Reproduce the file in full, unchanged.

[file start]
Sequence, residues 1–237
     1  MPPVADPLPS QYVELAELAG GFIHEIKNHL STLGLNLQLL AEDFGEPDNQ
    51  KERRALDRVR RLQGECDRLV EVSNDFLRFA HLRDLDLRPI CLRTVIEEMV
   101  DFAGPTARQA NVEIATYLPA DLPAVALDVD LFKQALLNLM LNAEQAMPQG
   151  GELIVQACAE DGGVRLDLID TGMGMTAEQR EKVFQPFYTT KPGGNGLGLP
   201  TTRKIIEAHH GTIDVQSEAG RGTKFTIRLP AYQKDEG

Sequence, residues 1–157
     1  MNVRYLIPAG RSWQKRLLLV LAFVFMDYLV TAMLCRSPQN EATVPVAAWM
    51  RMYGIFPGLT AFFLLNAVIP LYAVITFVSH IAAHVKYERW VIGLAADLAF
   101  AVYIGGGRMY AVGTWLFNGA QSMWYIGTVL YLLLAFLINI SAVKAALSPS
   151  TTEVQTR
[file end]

Sequence, residues 1–237
     1  MPPVADPLPS QYVELAELAG GFIHEIKNHL STLGLNLQLL AEDFGEPDNQ
    51  KERRALDRVR RLQGECDRLV EVSNDFLRFA HLRDLDLRPI CLRTVIEEMV
   101  DFAGPTARQA NVEIATYLPA DLPAVALDVD LFKQALLNLM LNAEQAMPQG
   151  GELIVQACAE DGGVRLDLID TGMGMTAEQR EKVFQPFYTT KPGGNGLGLP
   201  TTRKIIEAHH GTIDVQSEAG RGTKFTIRLP AYQKDEG

Sequence, residues 1–157
     1  MNVRYLIPAG RSWQKRLLLV LAFVFMDYLV TAMLCRSPQN EATVPVAAWM
    51  RMYGIFPGLT AFFLLNAVIP LYAVITFVSH IAAHVKYERW VIGLAADLAF
   101  AVYIGGGRMY AVGTWLFNGA QSMWYIGTVL YLLLAFLINI SAVKAALSPS
   151  TTEVQTR